An Evening of Poetry


Daniel Borzutsky • Nathalie Handal • Charles Simic

Thursday, April 14, 2022
7:00 pm Eastern Time

Virtual Event
( Livestream Link )

Free and Open to the public


No RSVP or registration required

Join us for

An Evening of Poetry


Daniel Borzutsky, Nathalie Handal, & Charles Simic


Thursday, 14 April, 2022 at 7:00 PM Eastern Standard Time

Our (virtual) doors open at 6:45 pm Eastern Time.

The reading is FREE and open to the public, and will take place virtually via BlueJeans. Livestream links and other information are on tabs below.

For more information, contact Travis Denton via email at .


Livestream Information

This event will be held virtually on BlueJeans. As Always, this reading is FREE and open to the public.

To attend the McEver Reading on 14 April 2022, follow the instructions below. The reading will begin at 7 pm Eastern Time, but our (virtual) doors open at 6:45 pm Eastern Time.

Web stream information:

Joining the reading is easy - just choose the platform that works best for you, and follow the instructions below:

Join via your Computer’s Web Browser: Click Here

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  1. Open the link above ( )
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  3. Enter event ID : udbwwwde

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Dial one of the following numbers, enter the participant PIN followed by # to confirm:

  • +1 (415) 466-7000 (US), PIN: 6688858#

Join from outside the US: Click Here


Event Access with Room System

Laptop paired with a room system (Best experience):

  1. Dial: or in the room system.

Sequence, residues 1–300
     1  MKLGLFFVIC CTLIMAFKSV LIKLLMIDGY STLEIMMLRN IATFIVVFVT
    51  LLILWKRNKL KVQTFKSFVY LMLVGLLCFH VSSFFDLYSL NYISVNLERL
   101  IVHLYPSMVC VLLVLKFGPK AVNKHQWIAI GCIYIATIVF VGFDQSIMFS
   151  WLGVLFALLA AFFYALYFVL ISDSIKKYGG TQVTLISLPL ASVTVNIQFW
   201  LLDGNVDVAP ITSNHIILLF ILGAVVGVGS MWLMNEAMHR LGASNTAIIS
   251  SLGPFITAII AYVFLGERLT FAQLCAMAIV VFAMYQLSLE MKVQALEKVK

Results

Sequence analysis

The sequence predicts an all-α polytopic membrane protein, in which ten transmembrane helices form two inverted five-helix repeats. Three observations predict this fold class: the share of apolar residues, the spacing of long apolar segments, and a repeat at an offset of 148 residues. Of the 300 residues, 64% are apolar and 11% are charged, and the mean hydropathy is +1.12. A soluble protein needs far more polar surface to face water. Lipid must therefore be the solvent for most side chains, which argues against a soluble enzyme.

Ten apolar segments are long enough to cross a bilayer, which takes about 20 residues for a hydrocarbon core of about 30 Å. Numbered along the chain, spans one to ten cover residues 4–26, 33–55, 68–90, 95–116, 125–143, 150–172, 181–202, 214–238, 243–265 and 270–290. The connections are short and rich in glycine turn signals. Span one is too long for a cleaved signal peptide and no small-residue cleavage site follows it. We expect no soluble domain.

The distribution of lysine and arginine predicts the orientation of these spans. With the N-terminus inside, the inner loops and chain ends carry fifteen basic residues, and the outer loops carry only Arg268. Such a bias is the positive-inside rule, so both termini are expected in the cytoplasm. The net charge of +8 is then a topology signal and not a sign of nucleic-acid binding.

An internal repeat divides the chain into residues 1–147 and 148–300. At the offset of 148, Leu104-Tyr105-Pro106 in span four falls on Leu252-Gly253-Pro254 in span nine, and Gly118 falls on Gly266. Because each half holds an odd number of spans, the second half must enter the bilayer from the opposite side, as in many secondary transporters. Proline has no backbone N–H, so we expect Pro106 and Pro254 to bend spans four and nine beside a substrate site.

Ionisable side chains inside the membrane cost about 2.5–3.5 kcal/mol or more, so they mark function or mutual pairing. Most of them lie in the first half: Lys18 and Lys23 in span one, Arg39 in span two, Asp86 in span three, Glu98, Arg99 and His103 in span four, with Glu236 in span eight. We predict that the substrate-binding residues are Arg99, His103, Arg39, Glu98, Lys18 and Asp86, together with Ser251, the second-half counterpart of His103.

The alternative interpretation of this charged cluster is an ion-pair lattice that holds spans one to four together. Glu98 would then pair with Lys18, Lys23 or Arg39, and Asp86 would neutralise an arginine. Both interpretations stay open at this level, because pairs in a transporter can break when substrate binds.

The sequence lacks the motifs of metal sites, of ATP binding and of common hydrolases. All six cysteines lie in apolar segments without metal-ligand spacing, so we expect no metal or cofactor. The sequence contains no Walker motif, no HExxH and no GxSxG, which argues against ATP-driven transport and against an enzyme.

2. Go to this link (
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Joining from a Room system:

  1. Dial: or in the room system.
  2. Enter Meeting ID: 326576667 and Passcode: 5294


Daniel Borzutsky

borzutskyDaniel Borzutzky is a poet and translator who lives in Chicago. His most recent book is Written After a Massacre in the Year 2018 (Coffee House Press, 2021). His 2016 collection, The Performance of Becoming Human won the National Book Award. Lake Michigan (2018) was a finalist for the Griffin International Poetry Prize. His other books include In the Murmurs of the Rotten Carcass Economy (2015); Memories of my Overdevelopment (2015); and The Book of Interfering Bodies (2011). His translation of Galo Ghigliotto's Valdivia won the National Translation Award, and he has also translated collections by Raúl Zurita and Jaime Luis Huenún. The son of Chilean immigrants, Borzutzky's work often addresses immigration, worker exploitation, political corruption, and economic disparity. He teaches in the English and Latin American and Latino Studies Departments at the University of Illinois at Chicago.

Bio at Poetry@Tech


Nathalie Handal

handalPoet, playwright, nonfiction and literary travel writer, Nathalie Handal was raised in Latin America, France and the Middle East, and educated in Asia, the United States, and the United Kingdom. Her poetry collections are Life in a Country Album (U. Pittsburgh Press, 2019), The Republics (U. Pittsburgh Press, 2015), Poet in Andalucía, and Love and Strange Horses, winner of the Gold Medal Independent Publisher Book Award. She is the author of eight plays and editor of two anthologies including the groundbreaking classic The Poetry of Arab Women: A Contemporary Anthology, winner of the PEN Oakland Josephine Miles Book Award. She writes the literary travel column The City and the Writer for Words without Borders and resides in New York City. Handal is a professor at Columbia University, and a Visiting Writer at the American University of Rome.